October 27, 2015 report
Models show injecting aerosols into the atmosphere to prevent hurricanes possibly feasible
As the planet keeps warming and efforts to reduce greenhouse gas emissions enough to make a difference fail, scientist have begun turning to other ways to mitigate problems in the future related to warmer temperatures and higher ocean levels, such as an increase in the number and intensity of hurricanes. One such technique that has been discussed in public forums, is injecting aerosols into the atmosphere in areas where tropical storms form—the shadowing effect would cool the air above the ocean preventing such storms from forming. In this new effort, the researchers used standard oceanographic models to attempt to learn whether such a technique might be viable.
After inputting data meant to model an injection of sulfate aerosols over the next 50 years, in two different ways, the researchers found that the idea would likely work, but not as well as might be expected. The first modeled the impact of a volcano eruption-sized amount of aerosol injection while the second sought to mimic an increase in injection amounts to match the projected increase of greenhouse gas emissions. Because the second approach appeared to be the more likely outcome in real life, the researchers used that model to make their predictions. They found that if approximately 10 billion tons of such aerosols were pumped into the atmosphere annually, the result would be a halving of Katrina-sized hurricanes over the next half century. They equate it to mimicking a Pinatubo-sized eruption every two years—something they describe as very expensive, but doable.
Of course, they note, there is no chance that such injections will begin anytime soon, because injecting that much sulfate aerosols into the atmosphere would destroy the ozone layer. But, their findings do suggest that if another, safer aerosol could be found, such a technique might prove viable.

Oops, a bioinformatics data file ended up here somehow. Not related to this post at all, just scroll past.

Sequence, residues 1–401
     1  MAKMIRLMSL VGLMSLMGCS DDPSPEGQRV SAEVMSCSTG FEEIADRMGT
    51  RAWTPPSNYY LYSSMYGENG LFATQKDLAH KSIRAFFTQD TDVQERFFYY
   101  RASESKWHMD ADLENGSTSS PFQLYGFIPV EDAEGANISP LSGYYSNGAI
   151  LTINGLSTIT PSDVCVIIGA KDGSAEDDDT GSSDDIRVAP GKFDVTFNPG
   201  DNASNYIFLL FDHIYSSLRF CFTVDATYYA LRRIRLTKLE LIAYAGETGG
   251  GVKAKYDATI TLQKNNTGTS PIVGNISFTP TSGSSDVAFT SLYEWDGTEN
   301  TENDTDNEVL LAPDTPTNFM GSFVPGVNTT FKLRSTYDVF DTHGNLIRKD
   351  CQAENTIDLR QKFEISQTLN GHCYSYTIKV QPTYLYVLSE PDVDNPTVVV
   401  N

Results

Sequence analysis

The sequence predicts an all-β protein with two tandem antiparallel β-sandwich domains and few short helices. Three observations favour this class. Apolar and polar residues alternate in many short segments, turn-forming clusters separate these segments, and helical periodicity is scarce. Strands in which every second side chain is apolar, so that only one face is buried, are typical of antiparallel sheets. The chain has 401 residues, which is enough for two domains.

Devastating floods due to Atlantic hurricanes are relatively rare events. However, the frequency of the most intense storms is likely to increase with rises in sea surface temperatures. Geoengineering by stratospheric sulfate aerosol injection cools the tropics relative to the polar regions, including the hurricane Main Development Region in the Atlantic, suggesting that geoengineering may mitigate hurricanes. We examine this hypothesis using eight earth system model simulations of climate under the Geoengineering Model Intercomparison Project (GeoMIP) G3 and G4 schemes that use stratospheric aerosols to reduce the radiative forcing under the Representative Concentration Pathway (RCP) 4.5 scenario. Global mean temperature increases are greatly ameliorated by geoengineering, and tropical temperature increases are at most half of those temperature increases in the RCP4.5. However, sulfate injection would have to double (to nearly 10 teragrams of SO2 per year) between 2020 and 2070 to balance the RCP4.5, approximately the equivalent of a 1991 Pinatubo eruption every 2 y, with consequent implications for stratospheric ozone. We project changes in storm frequencies using a temperature-dependent generalized extreme value statistical model calibrated by historical storm surges and observed temperatures since 1923. The number of storm surge events as big as the one caused by the 2005 Katrina hurricane are reduced by about 50% compared with no geoengineering, but this reduction is only marginally statistically significant. Nevertheless, when sea level rise differences in 2070 between the RCP4.5 and geoengineering are factored into coastal flood risk, we find that expected flood levels are reduced by about 40 cm for 5-y events and about halved for 50-y surges.
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